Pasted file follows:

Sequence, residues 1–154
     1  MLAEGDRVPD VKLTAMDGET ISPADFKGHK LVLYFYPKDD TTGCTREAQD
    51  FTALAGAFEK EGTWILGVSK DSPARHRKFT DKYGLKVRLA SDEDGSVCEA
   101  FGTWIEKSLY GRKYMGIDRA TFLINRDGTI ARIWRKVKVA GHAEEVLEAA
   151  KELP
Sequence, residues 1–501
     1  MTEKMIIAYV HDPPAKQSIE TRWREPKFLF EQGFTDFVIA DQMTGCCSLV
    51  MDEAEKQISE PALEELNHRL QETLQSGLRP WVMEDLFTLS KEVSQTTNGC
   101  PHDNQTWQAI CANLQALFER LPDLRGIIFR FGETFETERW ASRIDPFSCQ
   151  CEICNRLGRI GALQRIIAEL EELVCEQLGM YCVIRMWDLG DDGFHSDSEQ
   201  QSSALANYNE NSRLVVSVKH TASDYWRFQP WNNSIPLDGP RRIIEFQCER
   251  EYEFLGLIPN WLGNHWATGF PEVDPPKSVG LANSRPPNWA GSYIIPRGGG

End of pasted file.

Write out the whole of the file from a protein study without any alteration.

Sequence, residues 1–154
     1  MLAEGDRVPD VKLTAMDGET ISPADFKGHK LVLYFYPKDD TTGCTREAQD
    51  FTALAGAFEK EGTWILGVSK DSPARHRKFT DKYGLKVRLA SDEDGSVCEA
   101  FGTWIEKSLY GRKYMGIDRA TFLINRDGTI ARIWRKVKVA GHAEEVLEAA
   151  KELP
Sequence, residues 1–501
     1  MTEKMIIAYV HDPPAKQSIE TRWREPKFLF EQGFTDFVIA DQMTGCCSLV
    51  MDEAEKQISE PALEELNHRL QETLQSGLRP WVMEDLFTLS KEVSQTTNGC
   101  PHDNQTWQAI CANLQALFER LPDLRGIIFR FGETFETERW ASRIDPFSCQ
   151  CEICNRLGRI GALQRIIAEL EELVCEQLGM YCVIRMWDLG DDGFHSDSEQ
   201  QSSALANYNE NSRLVVSVKH TASDYWRFQP WNNSIPLDGP RRIIEFQCER
   251  EYEFLGLIPN WLGNHWATGF PEVDPPKSVG LANSRPPNWA GSYIIPRGGG